Opinion

On becoming a rabbi

The Jewish people face an inordinate number of problems today, and if we are to survive and thrive, our rabbis must unite and confront them.

Jewish men pray at the Western Wall in Jerusalem Old City during Yom Yerushalayim (Jerusalem Day), June 2, 2019. Photo by Yonatan Sindel/Flash90.
Jewish men pray at the Western Wall in Jerusalem Old City during Yom Yerushalayim (Jerusalem Day), June 2, 2019. Photo by Yonatan Sindel/Flash90.
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Joseph Frager
Dr. Joseph Frager is a lifelong activist and physician. He is chairman of Israel advocacy for the Rabbinical Alliance of America, chairman of the executive committee of American Friends of Ateret Cohanim and executive vice president of the Israel Heritage Foundation.
Becoming a rabbi was always a dream of mine. After all I had two older brothers, a brother-in-law, a mechutan (father of one’s child’s spouse) and a son, Rabbi Binyomin Yehudah, who were rabbis. So it is an honor and a privilege to finally join them in this illustrious society.
So many great and erudite rabbis showed me the way, including Rabbi Shmuel Kaminetzky, Rabbi Pinchas Scheinberg, Rabbi Aron Soloveichik, Rabbi Nisson Alpert, Rabbi Amos Bunim, Rabbi Schulem Rubin, Rabbi Yehudah Bohrer and Rabbi Shlomo Hochberg, to name just a few. All imparted to me a great love of Torah and the Jewish people, and I could never thank them enough.
There is much work to be done. The Jewish people face an inordinate number of problems today. The surrounding culture has deteriorated significantly and is at the lowest point I can remember. Morality and decency are constantly being tested. The family unit is under attack from all directions.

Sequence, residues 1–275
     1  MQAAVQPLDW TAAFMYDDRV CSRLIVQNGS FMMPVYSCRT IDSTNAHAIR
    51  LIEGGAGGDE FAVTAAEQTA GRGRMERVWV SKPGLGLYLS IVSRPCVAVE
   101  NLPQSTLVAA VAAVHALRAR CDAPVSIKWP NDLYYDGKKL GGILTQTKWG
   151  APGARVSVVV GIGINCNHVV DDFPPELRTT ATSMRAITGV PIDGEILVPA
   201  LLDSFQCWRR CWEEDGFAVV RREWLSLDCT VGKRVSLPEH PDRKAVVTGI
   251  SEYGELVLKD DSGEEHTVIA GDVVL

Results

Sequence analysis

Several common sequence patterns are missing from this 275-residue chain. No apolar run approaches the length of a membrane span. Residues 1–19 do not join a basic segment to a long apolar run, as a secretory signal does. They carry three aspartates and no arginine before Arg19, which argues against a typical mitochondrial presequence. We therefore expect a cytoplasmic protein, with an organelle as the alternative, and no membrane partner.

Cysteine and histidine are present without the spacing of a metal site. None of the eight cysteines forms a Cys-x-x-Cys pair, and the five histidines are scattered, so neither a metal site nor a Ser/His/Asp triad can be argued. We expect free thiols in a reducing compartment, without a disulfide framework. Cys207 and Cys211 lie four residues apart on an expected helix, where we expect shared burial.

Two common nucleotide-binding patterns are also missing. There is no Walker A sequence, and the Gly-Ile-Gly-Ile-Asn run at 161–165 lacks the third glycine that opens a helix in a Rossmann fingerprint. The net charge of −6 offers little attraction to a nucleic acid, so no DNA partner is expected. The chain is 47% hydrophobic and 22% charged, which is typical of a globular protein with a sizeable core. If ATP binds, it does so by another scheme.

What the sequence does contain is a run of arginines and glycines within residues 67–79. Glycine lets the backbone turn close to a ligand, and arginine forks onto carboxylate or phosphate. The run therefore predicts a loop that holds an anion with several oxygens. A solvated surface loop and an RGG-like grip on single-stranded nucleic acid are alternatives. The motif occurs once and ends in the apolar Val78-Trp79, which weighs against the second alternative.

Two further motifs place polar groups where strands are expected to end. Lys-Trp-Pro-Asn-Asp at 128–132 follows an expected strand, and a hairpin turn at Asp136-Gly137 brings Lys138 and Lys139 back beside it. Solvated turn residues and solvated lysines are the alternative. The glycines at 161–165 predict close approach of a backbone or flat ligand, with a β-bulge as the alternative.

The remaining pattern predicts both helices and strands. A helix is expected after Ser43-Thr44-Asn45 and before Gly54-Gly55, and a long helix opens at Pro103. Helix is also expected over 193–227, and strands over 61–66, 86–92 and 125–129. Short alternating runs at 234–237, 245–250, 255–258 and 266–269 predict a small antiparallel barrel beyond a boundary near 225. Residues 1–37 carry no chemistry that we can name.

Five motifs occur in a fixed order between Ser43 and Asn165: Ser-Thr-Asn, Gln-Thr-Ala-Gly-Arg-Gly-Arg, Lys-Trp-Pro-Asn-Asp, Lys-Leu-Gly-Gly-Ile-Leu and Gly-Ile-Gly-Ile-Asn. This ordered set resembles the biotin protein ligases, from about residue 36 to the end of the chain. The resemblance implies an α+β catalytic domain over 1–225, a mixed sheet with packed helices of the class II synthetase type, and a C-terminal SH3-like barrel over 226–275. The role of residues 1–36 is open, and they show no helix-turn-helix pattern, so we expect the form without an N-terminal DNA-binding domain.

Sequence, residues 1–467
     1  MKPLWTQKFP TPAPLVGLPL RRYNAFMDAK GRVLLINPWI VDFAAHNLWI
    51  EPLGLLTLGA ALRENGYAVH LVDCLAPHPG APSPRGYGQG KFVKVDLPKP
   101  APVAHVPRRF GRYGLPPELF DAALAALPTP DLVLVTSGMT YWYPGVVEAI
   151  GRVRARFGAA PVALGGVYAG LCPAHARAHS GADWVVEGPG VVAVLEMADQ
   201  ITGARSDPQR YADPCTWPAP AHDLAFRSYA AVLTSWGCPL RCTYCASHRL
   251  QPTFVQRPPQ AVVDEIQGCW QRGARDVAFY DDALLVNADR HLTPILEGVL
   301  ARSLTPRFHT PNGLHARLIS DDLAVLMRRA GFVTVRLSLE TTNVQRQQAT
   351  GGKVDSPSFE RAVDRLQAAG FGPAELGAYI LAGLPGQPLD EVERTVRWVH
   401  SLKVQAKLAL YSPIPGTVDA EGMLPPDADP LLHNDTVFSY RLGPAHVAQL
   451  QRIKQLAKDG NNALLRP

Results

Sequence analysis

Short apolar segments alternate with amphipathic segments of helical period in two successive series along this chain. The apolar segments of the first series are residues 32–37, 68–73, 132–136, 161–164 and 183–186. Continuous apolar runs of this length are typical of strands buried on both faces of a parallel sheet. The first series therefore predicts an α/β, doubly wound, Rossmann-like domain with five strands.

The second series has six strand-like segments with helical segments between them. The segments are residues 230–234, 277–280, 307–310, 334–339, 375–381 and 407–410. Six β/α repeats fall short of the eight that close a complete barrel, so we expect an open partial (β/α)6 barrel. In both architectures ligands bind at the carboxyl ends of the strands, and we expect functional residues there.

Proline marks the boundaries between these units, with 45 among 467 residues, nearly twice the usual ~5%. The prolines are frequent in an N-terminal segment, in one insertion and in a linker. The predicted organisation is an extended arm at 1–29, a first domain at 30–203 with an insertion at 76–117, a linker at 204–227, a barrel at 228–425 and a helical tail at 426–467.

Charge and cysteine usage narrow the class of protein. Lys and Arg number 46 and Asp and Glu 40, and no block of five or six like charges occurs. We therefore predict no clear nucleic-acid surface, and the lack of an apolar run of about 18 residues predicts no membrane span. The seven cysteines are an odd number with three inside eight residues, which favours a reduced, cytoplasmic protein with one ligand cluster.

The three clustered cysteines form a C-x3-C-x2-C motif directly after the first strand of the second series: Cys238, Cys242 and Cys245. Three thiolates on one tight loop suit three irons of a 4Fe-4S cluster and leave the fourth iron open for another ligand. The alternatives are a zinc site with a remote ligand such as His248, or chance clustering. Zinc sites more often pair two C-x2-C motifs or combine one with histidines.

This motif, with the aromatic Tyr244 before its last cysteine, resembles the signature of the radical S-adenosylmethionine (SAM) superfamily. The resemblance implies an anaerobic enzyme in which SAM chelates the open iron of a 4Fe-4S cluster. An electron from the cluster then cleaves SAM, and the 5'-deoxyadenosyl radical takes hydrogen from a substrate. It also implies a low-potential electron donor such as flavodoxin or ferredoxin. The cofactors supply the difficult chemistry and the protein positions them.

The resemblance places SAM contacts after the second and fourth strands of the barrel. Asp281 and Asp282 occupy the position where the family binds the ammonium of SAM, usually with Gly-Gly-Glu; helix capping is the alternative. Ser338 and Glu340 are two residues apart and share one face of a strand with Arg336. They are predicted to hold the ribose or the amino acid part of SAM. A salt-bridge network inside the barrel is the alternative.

It isn’t just the “opioid crisis.” Singles are having a hard time getting married. Jewish education costs have skyrocketed, hurting Jewish growth. Even more disturbing is that young Orthodox Jewish adults are leaving the fold. Divorce is up, too, and to complicate matters many agunot (“chained” women who according to Jewish law are not free to remarry) remain stuck in a twilight zone.
Immigration to Israel used to be a much higher priority when I was growing up. I cannot remember a rabbi’s sermon not mentioning aliyah back then. Today, I rarely hear it. In my day, it was not unusual for a rabbi to give mussar (Jewish ethics) lessons to his congregation. Nowadays any rabbi that reprimanded his congregation would be fired. That is totally unacceptable.
Holocaust education is more essential than ever. As the survivors leave us, it crucial that rabbis to step up to the plate.
The central authority of the rabbinate today needs a major boost as well.
There have been many positive developments, too, however. It’s not all doom and gloom. The study of Torah has increased dramatically, for instance. Daf Yomi (a daily regimen of Talmud study) has become the norm rather than the exception. There is a much greater hunger for Torah now than at any time I can remember.
But are we bringing back more than we are losing? I don’t think so. As good as all the kiruv (outreach) programs in the world are, we are losing far too many souls and not bringing enough back. I believe this is a desperate situation that has to be dealt with immediately. The prevailing culture is so powerful that it is very difficult to fight against. We all must do our part.
One thing I know for sure is that rabbis must lead, but unfortunately, I see way too many rabbis following their congregations rather than leading them. This is unacceptable. If we are to survive and succeed as a people the rabbis must unite and confront all the issues that I have raised. It is my hope to aid in that vital endeavor, with the Almighty’s assistance.
Dr. Joseph Frager is first vice president of the National Council of Young Israel.
The opinions and facts presented in this article are those of the author, and neither JNS nor its partners assume any responsibility for them.
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